The final report I came across is by Russian security experts at Kaspersky Labs. They assert we’ve all become so accustomed to offloading to our smartphones that we are, in effect, losing our ability to actively transfer information into long-term memory. Here are some of the highlights:
- Up to 60% of adult consumers could phone the house they lived in aged 10; but not their children or the office or their partners without first looking up the number.
- One third of consumers polled were happy to forget, or risk forgetting, information they can easily find – or find again – online.
- When faced with a question, a third (36%) of consumers would turn to the internet before trying to remember and a quarter (24%) would forget an online fact as soon as they had used it.
- “Digital Amnesia” was equally and sometimes more prevalent in older age groups.
- And none of us is actively doing much to protect the collection of data we’re storing on our computers and devices. (This point is not surprising. After all, this is Kaspersky talking, they make data protection software.)
So, how do we get our cognitive mojo back?
Simply put, we have all adopted behaviors with regard to our smartphones that, by nature of our evolutionary biology, are self-amplifying. Disrupting those stimulus and reward cycles will not be easily accomplished by casual means. You’ll probably need to create new, deliberate counteracting behaviors or strategies that are equal in measure to your level of dependency.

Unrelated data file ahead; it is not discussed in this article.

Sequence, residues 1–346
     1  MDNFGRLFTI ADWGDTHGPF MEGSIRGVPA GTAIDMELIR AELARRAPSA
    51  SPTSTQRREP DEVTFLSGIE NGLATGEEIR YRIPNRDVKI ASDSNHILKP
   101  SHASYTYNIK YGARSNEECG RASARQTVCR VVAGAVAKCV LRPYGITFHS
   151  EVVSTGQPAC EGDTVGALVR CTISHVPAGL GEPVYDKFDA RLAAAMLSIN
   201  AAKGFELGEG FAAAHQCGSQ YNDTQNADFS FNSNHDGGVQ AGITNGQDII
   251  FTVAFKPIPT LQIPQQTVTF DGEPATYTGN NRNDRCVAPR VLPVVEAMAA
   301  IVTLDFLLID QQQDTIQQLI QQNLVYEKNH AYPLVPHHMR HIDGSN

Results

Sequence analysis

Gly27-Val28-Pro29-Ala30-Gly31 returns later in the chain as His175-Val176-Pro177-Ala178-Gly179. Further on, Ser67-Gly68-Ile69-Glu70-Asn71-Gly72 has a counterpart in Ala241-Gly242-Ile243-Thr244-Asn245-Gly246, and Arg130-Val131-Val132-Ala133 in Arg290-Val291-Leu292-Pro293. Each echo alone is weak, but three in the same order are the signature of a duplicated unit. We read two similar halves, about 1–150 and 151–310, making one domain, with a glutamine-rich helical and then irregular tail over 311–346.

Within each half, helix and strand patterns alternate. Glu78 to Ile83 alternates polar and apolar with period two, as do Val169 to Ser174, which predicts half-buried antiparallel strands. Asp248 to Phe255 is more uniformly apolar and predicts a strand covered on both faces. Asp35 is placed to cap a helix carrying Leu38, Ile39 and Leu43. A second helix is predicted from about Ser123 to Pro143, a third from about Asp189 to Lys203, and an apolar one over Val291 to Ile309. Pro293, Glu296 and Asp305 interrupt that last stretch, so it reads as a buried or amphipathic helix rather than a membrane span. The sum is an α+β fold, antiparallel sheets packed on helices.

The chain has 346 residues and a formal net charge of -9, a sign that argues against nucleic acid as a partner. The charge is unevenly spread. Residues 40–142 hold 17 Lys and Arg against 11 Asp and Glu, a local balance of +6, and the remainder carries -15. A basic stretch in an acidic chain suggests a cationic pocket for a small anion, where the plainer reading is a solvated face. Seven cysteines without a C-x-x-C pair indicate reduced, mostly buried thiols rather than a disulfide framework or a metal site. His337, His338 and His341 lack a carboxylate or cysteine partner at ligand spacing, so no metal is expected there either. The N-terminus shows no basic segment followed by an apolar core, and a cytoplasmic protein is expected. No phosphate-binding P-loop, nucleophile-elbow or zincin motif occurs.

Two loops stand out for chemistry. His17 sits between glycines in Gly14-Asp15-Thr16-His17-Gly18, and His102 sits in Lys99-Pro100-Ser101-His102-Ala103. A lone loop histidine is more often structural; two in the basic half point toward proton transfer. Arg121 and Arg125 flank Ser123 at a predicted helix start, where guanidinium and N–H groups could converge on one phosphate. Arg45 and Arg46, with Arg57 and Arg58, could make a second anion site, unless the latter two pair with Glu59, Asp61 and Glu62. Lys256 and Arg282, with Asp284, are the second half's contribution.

Moderate dependency: Schedule some alone time every night.
When you come home at night, put the phone on silent mode and into a closed cabinet. Never set it on your nightstand “just in case.” In other words, develop your ability to ignore the phone at times when being disconnected poses the lowest social or professional risk. Eventually, you should become more comfortable managing your daytime relationship.
Substantial dependency: Turn off notifications. Ditch social media.
The best way to break the dopamine reward cycle is to remove the reward triggers, e.g.: all of the dings, rumbles and text bubbles that tell our brains to prepare for seeking. Also, get rid of Twitter, Facebook, Snapchat or any other streaming-feed-based reward generators. Then feel your anxiety subside, your relationships deepen, the clouds depart and rainbows appear deep in your amygdala.
Severe dependency: Go “dumb phone” cold turkey.
If your smartphone has taken control of your life, your happiness and your freedom, it may be time for the nuclear option. For something more in the tactical nuke range, try the new Nokia 3310 reissue. You can still text and get email, but it’s certainly a barrier to getting lost in your phone for hours at a time. Or, if you require the full-on ICBM, get something like the LG Wine 4. Imagine the reduction of anxiety in your life with 6 hours of talk time and 15 days of standby battery life in your pocket.
Ultimately, no technology is good or bad.
You may think I’m some smartphone hating Luddite. Nothing could be further from the truth. The smartphone revolution has been very good to me. But, I understand I fall into the “Moderate Dependency” category. So, the phone goes into a cabinet, on a charging cable, around 7:30 every evening. Sure, I have FOMO. But less and less so for what’s happening on my phone.